English novelist and broadcaster
Lewis was the only child of an unconventional Congregationalist minister. In 1915, at the age of 17, after schooling at Oundle, he had trained as a pilot and was commissioned into the Royal Flying Corps. On the eve of his 18th birthday he found himself in the air over the battlefields of France and, along with thousands of other youngsters, daily risking injury and life while improvising fighting tactics in an entirely experimental form of warfare. By some miracle, as he used to say, he survived, and after two mentions in dispatches came home to receive the Military Cross from his Sovereign.
Religious questions became an undercurrent through the latter half of his life. He briefly experimented in community living on a sheep and cattle farm in South Africa, following the doctrines of the Russian mystic Georgi Gurdjieff.
From time to time Lewis shared his thoughts and beliefs in broadcasts and interviews, some of these reproduced and expanded in his book A Way to Be (1977). A Wish to Be followed in 1994.
Between the wars Cecil Lewis created a beautiful retreat out of a rocky wilderness overlooking Lake Maggiore in northern Italy, which he said was always "waiting to restore me to sanity and peace". For over 20 of the last years he and his third wife, Frances, lived happily on the island of Corfu.
He also fell under the influence of Bernard Shaw. With the advent of talking pictures Shaw saw an opportunity to give his plays a wider audience. He allowed Lewis to adapt his one-act play How He Lied To Her Husband.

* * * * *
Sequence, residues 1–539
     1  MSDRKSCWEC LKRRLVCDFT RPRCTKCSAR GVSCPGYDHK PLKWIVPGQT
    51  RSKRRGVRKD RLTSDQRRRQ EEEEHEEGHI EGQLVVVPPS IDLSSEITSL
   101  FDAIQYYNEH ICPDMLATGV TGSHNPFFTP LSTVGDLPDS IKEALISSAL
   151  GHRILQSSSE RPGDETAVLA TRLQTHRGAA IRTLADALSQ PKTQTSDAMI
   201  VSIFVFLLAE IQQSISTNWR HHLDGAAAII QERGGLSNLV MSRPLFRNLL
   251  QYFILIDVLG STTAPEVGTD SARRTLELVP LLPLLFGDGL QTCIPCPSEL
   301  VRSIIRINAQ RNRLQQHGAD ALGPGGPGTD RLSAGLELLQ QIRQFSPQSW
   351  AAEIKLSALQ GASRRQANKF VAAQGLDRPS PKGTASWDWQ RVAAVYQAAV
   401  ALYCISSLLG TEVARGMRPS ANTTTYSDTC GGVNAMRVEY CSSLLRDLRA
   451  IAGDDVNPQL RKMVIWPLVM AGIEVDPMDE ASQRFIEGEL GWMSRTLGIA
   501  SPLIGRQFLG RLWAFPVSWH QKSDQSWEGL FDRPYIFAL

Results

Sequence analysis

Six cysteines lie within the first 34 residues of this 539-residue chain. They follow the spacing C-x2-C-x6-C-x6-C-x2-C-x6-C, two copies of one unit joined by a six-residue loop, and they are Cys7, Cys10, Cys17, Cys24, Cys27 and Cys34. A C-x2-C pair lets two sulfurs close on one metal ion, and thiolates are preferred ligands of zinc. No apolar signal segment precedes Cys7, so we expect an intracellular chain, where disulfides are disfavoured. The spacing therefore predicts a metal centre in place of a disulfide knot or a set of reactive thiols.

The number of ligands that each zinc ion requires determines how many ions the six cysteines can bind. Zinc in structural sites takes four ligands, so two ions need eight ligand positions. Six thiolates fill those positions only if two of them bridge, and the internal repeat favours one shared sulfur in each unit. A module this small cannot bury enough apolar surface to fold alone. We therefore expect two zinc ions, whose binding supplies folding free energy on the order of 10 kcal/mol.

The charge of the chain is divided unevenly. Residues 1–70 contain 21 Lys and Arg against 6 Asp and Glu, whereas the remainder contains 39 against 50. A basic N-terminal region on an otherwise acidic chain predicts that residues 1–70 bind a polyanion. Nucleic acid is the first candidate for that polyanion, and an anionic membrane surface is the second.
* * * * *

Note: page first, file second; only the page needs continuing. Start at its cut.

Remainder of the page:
After the war he became interested in the work of Gurdjieff, who he mistakenly thought was dead. In a bizarre sequence of events, Lewis bought a plane and flew to South Africa, a journey recalled in Gemini to Joburg (1984), to set up a community based on Gurdjieff's ideas; only to find, once he was there, that Gurdjieff was alive and working in Paris. The experiment proved disastrous but he continued to study, and write and broadcast, about the teachings of Gurdjieff.
Lewis had an extraordinary vigour and curiosity for life. In his 94th year, he flew a Tiger Moth from a grass strip at Badminton and made a perfect landing in a 15-knot 90-degree cross-wind, much to the admiration of his co-pilot, who had been an instructor for 25 years.
Cecil Arthur Lewis, broadcaster, aviator and writer: born Birkenhead 29 March 1898; MC 1918; married three times (one son, one daughter); died London 27 January 1997.